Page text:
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How to debug a SQLCommand - showing values not @parameters

Posted on 2006-04-13
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Last Modified: 2010-08-05
Is it possible to see what ASP.NET is passing to a SQL database in terms of the SQLCommand but with all the parameters filled in with actual values??
I've created a SqlCommand but there's an error somewhere in it and I'd like to see the whole Update statement with values included, if possible.  Can it be done?

            Dim myConnection As New SqlConnection(ConfigurationSettings.AppSettings(ConnectionString"))
            Dim updateCommand As New SqlCommand
            updateCommand.Connection = myConnection
            updateCommand.CommandText = "UPDATE(myTable) SET " & _
              "Col1 = @Col1Value, " & _
              "Col2 = @Col2Value " & _
              "WHERE (ID=@ID)"
            updateCommand.Parameters.Add("@ID", SqlDbType.VarChar).Value = IDVariable
            updateCommand.Parameters.Add("@Col1Value", SqlDbType.VarChar).Value = SomeBox.Text
            updateCommand.Parameters.Add("@Col2Value", SqlDbType.VarChar).Value = AnotherBox.Text
            myConnection.Open()
            updateCommand.ExecuteNonQuery()
            updateCommand.Dispose()
            myConnection.Close()
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Question by:Rouchie
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20 Comments
 
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Assisted Solution

by:mirmansoor
mirmansoor earned 800 total points
ID: 16444352
yes u can..

dim param as sqlclient.sqlparameter
for each param in updatecommand.parameters
  ' here u can access the parameters n check the values
next

put a breakpoint on the for statement and  add this code just before executenonquery n check the values..
HTH
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Assisted Solution

by:apb2
apb2 earned 400 total points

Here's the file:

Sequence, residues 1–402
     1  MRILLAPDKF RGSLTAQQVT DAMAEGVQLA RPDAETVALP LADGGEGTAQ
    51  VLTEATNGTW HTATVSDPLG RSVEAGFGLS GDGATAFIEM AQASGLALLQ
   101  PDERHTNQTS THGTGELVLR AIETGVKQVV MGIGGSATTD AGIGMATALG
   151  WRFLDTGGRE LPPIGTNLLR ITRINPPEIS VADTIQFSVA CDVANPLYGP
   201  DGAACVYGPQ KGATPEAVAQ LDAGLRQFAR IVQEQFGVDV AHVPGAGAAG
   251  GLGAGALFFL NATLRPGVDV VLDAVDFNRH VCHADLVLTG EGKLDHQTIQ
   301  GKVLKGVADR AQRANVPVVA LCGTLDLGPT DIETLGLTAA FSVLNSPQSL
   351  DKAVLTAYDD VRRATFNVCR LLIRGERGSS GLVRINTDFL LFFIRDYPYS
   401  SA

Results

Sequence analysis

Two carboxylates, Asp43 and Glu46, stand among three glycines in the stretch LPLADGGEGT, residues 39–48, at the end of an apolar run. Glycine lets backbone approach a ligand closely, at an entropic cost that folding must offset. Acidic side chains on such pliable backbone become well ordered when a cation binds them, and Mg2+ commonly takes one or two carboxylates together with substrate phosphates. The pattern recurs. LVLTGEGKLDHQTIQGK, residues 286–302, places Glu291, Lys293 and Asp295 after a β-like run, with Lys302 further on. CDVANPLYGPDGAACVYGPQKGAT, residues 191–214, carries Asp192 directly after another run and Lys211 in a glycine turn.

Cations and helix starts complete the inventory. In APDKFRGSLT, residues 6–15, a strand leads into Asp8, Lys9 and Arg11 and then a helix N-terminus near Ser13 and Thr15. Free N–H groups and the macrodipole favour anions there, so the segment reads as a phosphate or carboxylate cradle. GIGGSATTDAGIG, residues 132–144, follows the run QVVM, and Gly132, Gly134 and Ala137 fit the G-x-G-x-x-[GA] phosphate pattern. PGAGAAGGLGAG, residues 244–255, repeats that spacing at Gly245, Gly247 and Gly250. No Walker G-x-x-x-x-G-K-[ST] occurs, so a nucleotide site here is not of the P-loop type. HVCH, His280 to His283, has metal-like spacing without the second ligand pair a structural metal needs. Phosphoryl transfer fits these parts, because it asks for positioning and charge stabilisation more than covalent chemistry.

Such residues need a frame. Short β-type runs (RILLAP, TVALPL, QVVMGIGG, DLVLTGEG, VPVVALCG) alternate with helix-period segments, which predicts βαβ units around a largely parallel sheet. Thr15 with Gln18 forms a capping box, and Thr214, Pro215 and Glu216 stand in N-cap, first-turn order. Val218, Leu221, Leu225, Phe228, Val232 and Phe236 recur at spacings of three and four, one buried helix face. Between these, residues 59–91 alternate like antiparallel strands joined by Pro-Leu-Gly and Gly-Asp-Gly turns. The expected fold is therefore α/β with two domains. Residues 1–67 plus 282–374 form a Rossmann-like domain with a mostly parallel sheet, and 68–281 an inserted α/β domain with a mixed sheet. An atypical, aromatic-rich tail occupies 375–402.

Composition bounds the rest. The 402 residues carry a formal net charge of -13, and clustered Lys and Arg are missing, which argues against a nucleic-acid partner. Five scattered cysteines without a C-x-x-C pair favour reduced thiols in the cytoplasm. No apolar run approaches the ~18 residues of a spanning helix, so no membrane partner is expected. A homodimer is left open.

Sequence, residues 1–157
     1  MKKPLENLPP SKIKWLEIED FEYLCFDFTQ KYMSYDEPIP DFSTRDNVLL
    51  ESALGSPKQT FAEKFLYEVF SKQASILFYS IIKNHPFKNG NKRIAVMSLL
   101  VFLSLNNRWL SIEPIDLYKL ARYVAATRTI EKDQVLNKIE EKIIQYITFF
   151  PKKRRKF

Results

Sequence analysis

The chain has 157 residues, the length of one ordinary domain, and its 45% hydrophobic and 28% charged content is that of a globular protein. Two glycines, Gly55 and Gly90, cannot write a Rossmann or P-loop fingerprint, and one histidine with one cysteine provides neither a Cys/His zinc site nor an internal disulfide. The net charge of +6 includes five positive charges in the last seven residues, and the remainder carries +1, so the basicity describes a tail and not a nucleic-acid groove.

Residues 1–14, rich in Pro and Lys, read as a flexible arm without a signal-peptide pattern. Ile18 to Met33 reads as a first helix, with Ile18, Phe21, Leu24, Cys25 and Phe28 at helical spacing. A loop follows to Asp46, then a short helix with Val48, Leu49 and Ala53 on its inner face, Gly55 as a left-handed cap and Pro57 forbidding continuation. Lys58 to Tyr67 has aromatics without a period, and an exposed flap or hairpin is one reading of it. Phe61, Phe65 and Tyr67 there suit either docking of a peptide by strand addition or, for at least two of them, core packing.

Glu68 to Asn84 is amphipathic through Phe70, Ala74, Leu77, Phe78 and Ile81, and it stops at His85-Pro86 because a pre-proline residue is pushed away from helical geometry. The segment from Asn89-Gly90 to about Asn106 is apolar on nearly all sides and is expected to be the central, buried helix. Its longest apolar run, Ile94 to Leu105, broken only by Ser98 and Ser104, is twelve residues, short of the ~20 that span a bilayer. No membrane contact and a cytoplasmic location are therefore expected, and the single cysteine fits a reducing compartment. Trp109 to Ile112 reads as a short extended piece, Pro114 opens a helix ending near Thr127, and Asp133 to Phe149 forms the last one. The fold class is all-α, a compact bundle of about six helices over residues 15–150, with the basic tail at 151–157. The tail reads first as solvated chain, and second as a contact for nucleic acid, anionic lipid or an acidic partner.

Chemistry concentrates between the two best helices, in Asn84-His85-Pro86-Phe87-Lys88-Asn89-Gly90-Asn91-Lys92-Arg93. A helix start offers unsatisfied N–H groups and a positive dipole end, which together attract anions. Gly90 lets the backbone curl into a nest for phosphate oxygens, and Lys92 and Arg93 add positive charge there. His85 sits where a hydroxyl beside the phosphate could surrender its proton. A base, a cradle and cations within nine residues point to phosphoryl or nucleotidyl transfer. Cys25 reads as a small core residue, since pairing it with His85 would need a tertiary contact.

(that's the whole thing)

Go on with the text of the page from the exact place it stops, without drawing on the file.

ID: 16444413
Hi

The best thing i find is to use a

Try
  'Open database
  'Execute command
Catch ex as SqlException

Catch exp as Exception

Finally
  Close database connection
End Try

The catches will handles the exception. While debugging you can the add the exceptions variables to a watch

By the way

updateCommand.Parameters.Add(New SqlParameter("@ID", SqlDbType.VarChar)).Value = IDVariable
updateCommand.Parameters.Add(New SqlParameter("@Col1Value", SqlDbType.VarChar)).Value = SomeBox.Text
 updateCommand.Parameters.Add(New SqlParameter("@Col2Value", SqlDbType.VarChar)).Value = AnotherBox.Text

HTH

apb2

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Assisted Solution

by:GavinMannion
GavinMannion earned 400 total points
ID: 16444500
I never knew you could use Parameters.Add if you where using CommandText. I thought that was for StoredProcedures only?

Anyway another way to check would be to do something along the lines of

updateCommand.CommandText = "UPDATE(myTable) SET " & _
            "Col1 = " & SomeBox.Text & ", " & _
            "Col2 = " & AnotherBox.Text & ", " & _
            "WHERE (ID=" & IDVariable

Then just look at what CommandText ends up being.
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Expert Comment

by:Éric Moreau
ID: 16444872
I start the SQL profiler when I want to know exactly what is sent to the server.
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Author Comment

by:Rouchie
ID: 16445315
Hi Guys.  Thanks all for the input.

>> put a breakpoint on the for statement and  add this code just before
Tried this and I got a list of the parameters in turn.  They all looked okay however.

>> updateCommand.Parameters.Add(New SqlParameter("@ID", SqlDbType.VarChar)).Value = IDVariable
Added this into the code.  I still get the same error though.

>> I never knew you could use Parameters.Add if you where using CommandText. I thought that was for StoredProcedures only?
You might be right, although years back I read something on 4Guys that used a similar technique (http://aspnet.4guysfromrolla.com/articles/071002-1.3.aspx).  I was considering the concatenation approach but I thought this was bad because it weakened the security aspect in terms of SQL injection...?

>> I start the SQL profiler when I want to know exactly what is sent to the server.
Tried this too.  All I get is the SQL command object with @Parameters shown, and then each parameter listed as a value.
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Expert Comment

by:GavinMannion
ID: 16445357
To avoid SQL injection you should really be using Stored Procedures.

I don't think your params are actually working.

If you don't see it in SQL Profiler then they are not being sent,
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Author Comment

by:Rouchie
ID: 16445389
The params do appear okay in SQL Profiler - well, I think they do.  I see the SQL statement as built in ASP, then after I see the parameters' real values, all in a long line.
I wanted to see the entire constructed UPDATE statement so that I could try it in Query Analyzer and see what the result was.